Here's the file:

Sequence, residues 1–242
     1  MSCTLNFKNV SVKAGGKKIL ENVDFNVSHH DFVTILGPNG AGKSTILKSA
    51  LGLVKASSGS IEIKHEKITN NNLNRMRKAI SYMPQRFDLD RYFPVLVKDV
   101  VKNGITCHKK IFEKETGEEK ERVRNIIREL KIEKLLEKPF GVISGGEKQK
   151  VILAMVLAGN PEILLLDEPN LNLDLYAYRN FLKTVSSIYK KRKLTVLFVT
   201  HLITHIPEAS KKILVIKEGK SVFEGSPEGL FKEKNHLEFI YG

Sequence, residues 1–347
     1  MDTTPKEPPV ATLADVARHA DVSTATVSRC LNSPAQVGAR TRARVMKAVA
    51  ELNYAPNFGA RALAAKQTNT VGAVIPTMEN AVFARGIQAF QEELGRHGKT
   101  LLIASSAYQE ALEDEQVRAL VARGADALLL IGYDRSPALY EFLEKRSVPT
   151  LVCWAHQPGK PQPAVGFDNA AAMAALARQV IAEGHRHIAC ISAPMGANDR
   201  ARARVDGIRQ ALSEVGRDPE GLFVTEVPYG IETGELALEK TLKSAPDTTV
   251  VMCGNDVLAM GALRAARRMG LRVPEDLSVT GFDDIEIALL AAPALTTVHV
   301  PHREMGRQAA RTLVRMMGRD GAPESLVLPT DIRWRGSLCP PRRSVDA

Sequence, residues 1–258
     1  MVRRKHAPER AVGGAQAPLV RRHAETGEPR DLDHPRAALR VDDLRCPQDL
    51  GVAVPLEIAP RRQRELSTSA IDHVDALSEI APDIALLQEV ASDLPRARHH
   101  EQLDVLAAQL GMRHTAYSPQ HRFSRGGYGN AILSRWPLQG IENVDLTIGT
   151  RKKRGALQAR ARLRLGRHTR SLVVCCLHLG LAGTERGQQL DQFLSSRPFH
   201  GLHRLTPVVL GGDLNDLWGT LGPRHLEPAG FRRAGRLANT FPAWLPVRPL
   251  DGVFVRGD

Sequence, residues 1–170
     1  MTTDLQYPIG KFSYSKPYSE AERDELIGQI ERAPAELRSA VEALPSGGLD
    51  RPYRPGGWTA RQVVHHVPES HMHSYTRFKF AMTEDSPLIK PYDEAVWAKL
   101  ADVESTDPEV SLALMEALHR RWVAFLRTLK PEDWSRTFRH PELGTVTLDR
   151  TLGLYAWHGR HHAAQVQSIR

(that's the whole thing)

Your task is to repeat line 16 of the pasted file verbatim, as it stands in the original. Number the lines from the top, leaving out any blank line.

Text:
     1  MVRRKHAPER AVGGAQAPLV RRHAETGEPR DLDHPRAALR VDDLRCPQDL